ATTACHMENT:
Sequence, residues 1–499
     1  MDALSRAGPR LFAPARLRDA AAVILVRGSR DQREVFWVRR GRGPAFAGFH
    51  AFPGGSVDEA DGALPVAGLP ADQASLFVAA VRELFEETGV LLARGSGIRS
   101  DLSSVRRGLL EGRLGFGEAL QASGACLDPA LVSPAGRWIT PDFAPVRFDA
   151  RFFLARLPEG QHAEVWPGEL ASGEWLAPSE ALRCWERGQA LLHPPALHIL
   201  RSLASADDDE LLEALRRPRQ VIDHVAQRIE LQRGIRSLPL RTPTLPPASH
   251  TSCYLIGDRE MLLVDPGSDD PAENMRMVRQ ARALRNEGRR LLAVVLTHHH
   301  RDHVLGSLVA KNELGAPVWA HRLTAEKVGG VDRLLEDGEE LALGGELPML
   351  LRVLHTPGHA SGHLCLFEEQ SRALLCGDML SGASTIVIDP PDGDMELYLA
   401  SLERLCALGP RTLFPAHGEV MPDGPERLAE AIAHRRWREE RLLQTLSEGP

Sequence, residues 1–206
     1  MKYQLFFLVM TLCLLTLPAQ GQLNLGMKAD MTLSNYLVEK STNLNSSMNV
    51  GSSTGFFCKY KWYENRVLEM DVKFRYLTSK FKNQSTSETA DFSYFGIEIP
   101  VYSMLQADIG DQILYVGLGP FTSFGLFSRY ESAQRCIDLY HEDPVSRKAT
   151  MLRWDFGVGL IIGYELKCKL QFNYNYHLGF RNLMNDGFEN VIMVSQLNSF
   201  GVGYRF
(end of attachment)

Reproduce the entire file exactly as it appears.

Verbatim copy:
Sequence, residues 1–499
     1  MDALSRAGPR LFAPARLRDA AAVILVRGSR DQREVFWVRR GRGPAFAGFH
    51  AFPGGSVDEA DGALPVAGLP ADQASLFVAA VRELFEETGV LLARGSGIRS
   101  DLSSVRRGLL EGRLGFGEAL QASGACLDPA LVSPAGRWIT PDFAPVRFDA
   151  RFFLARLPEG QHAEVWPGEL ASGEWLAPSE ALRCWERGQA LLHPPALHIL
   201  RSLASADDDE LLEALRRPRQ VIDHVAQRIE LQRGIRSLPL RTPTLPPASH
   251  TSCYLIGDRE MLLVDPGSDD PAENMRMVRQ ARALRNEGRR LLAVVLTHHH
   301  RDHVLGSLVA KNELGAPVWA HRLTAEKVGG VDRLLEDGEE LALGGELPML
   351  LRVLHTPGHA SGHLCLFEEQ SRALLCGDML SGASTIVIDP PDGDMELYLA
   401  SLERLCALGP RTLFPAHGEV MPDGPERLAE AIAHRRWREE RLLQTLSEGP

Sequence, residues 1–206
     1  MKYQLFFLVM TLCLLTLPAQ GQLNLGMKAD MTLSNYLVEK STNLNSSMNV
    51  GSSTGFFCKY KWYENRVLEM DVKFRYLTSK FKNQSTSETA DFSYFGIEIP
   101  VYSMLQADIG DQILYVGLGP FTSFGLFSRY ESAQRCIDLY HEDPVSRKAT
   151  MLRWDFGVGL IIGYELKCKL QFNYNYHLGF RNLMNDGFEN VIMVSQLNSF
   201  GVGYRF